Even in the age of self tapes, having a book of audition monologues ready is an absolute staple in the working actor’s toolkit — especially if you’re working in live theatre. If you’re exclusively focused on film, having pieces at the ready you can come back to and work for class, showcases, etc. is equally beneficial.
This book will be updated many times you grow as an actor and as your type changes. Some categories may be thicker than others, but if you’re looking to build (or refresh) a standard monologue book, here are your foundation pieces to include.
1. Classical Monologues
Even if you haven’t touched Shakespeare since high school, having classical monologues you can rattle off will come in handy. Choose two dramatic classical monologues (at least one Shakespeare) and make sure you know them inside and out. Every word and every reference should be researched and understood within the context of the play. These should show off your type and be appropriate casting for you. Try to stay away from the most overdone ones.
Make sure you also have two comedic classical monologues. These can feel tricky to find if you’re not well-versed in classical theatre, but they’re worth it. Find pieces you can really play with that show you off. For example, one circumstantial comedy that shows you off as a lead, and one that leans into character comedy.
2. Contemporary Monologues
Again, you’re going to want at least two dramatic contemporary pieces you can whip out at a moment’s notice. These should be up to date (contemporary works from the 80s or 90s might feel dated, so if you have one of those, make sure you also have one that feels much newer). They should also show off your type, but perhaps different sides of your type. For example, if you auditioned with one and were asked if you had anything else, try showing off something different in your second piece.
As you can probably guess, you also need two comedic monologues. The same rules apply. They should both show off your skills without showing show off the exact same things.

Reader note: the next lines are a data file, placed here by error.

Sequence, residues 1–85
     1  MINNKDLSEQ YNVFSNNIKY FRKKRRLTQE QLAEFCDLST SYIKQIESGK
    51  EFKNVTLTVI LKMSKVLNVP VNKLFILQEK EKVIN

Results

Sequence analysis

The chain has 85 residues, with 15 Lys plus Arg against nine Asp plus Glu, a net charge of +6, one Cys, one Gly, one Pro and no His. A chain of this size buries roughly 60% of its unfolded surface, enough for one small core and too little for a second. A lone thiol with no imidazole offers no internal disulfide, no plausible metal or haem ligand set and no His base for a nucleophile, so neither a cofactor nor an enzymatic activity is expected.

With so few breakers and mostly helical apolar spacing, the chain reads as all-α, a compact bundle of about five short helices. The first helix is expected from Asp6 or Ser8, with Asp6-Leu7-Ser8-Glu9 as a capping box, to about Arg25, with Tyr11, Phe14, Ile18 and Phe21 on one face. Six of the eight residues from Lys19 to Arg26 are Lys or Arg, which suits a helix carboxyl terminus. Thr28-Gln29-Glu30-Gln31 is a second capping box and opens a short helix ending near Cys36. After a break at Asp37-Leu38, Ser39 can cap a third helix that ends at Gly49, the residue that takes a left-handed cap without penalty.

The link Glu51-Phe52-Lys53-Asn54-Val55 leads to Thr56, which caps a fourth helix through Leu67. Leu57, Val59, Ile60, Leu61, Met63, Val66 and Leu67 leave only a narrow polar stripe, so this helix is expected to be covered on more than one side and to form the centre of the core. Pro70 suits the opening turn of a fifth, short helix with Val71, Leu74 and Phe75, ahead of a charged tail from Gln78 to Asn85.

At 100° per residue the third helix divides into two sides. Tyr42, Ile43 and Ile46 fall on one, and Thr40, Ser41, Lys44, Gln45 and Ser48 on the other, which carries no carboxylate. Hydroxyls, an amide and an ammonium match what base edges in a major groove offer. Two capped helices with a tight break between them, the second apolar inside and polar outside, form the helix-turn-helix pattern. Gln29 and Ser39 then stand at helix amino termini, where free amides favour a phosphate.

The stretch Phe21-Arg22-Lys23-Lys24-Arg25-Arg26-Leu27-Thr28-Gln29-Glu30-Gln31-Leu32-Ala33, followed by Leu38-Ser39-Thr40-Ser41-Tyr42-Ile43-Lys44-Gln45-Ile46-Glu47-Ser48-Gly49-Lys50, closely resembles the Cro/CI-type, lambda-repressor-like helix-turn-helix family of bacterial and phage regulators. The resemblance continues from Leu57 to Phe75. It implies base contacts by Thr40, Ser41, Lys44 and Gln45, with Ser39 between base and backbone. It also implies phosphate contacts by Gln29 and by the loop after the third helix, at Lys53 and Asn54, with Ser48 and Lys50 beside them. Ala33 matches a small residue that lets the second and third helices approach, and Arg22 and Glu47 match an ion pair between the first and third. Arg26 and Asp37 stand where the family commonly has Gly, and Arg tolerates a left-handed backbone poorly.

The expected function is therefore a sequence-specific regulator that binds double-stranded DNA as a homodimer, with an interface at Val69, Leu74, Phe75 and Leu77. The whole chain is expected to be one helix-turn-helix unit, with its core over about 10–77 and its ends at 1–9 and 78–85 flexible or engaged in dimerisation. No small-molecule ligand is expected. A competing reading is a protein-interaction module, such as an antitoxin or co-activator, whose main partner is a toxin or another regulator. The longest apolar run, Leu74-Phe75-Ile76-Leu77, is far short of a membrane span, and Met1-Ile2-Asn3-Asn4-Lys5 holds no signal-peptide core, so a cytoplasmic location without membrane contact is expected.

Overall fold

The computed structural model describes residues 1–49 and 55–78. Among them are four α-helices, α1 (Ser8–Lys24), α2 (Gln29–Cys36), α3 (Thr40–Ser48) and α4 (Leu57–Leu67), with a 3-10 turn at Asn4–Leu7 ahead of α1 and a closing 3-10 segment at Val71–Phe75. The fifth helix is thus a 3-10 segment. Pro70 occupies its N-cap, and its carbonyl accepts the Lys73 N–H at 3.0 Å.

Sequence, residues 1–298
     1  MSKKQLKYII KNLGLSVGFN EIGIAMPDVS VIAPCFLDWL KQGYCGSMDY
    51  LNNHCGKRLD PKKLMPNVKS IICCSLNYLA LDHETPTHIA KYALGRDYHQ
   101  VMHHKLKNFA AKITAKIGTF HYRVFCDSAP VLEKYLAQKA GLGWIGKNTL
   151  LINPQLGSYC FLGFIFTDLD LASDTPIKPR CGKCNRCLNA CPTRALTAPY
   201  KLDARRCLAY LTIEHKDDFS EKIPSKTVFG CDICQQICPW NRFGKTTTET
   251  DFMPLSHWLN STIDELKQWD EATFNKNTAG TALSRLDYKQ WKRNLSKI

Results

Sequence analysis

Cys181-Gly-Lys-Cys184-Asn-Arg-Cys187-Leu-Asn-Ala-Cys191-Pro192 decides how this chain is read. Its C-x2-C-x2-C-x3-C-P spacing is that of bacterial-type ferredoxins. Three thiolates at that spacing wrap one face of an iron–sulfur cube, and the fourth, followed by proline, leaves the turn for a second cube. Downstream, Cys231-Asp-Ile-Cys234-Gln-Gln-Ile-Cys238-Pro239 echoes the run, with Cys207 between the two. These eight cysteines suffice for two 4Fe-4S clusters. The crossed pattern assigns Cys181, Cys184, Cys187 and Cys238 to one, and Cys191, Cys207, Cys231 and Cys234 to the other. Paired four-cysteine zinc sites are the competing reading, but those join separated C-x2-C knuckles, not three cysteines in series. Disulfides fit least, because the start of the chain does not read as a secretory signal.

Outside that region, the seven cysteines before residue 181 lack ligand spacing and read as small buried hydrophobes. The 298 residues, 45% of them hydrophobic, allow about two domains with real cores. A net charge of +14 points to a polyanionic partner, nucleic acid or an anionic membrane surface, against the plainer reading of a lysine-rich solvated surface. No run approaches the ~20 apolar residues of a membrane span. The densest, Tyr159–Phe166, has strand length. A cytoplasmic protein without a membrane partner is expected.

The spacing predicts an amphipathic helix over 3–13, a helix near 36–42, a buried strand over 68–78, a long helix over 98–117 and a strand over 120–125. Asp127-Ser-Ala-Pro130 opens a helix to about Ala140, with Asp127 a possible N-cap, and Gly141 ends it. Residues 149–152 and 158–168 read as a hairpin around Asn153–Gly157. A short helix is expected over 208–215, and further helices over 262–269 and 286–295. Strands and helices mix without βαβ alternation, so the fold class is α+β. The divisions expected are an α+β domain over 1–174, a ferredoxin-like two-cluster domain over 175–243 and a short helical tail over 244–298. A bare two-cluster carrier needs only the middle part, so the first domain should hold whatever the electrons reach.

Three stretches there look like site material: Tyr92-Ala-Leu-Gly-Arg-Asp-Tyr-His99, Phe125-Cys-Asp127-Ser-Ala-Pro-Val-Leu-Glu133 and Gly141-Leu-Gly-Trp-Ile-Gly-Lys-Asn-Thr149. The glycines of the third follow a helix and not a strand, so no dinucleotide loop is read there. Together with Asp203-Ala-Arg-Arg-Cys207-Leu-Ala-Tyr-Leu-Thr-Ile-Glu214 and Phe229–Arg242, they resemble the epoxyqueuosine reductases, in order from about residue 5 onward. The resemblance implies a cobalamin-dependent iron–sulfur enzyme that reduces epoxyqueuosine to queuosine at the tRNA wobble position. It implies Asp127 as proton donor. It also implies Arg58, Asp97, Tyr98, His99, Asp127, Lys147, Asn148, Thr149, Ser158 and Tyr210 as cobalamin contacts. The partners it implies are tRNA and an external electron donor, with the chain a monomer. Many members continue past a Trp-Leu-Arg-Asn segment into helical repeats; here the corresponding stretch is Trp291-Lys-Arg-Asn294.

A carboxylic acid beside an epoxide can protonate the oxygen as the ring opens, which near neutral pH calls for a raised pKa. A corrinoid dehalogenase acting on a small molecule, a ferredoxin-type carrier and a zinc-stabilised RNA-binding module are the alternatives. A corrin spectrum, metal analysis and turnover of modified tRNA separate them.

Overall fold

3. A Bonus Skill Piece
If you have any skills that you know are your bread and butter (physical comedy, puppetry, etc.), having a monologue that helps you show it off in text can be a great advantage. This piece may not be appropriate often, but could be something you pull out in specific circumstances to give you an edge.
4. A Wild Card Piece
Have that one monologue that just feels like you but it just doesn’t fit anywhere? Maybe it’s written for a different gender or age, needs an uncommon accent or the topic is too niche–whatever the reason.
Having one wild card monologue can be a great thing to have on hand. It can shake off the rust if you need to work on something in class that brings you joy, and when the right audition comes along to actually use it, the payoff can be huge.
5. A Song or Two
If you’re a singer, you’ll have a songbook, which is an article for another day. If you’re an actor who can sing, it’s good to have at least two songs on hand to show that skill off. Secure one go-to song that shows off your range and type so you can act and sing at the same time. Get at lease one additional character song such as a patter song or something simple and funny.
Even if you go six months without needing your monologue book for auditions, it’s worth it to keep it up fresh, ready and up to date (when you need it, you’ll really need it). Having it on hand can save so much time and stress.
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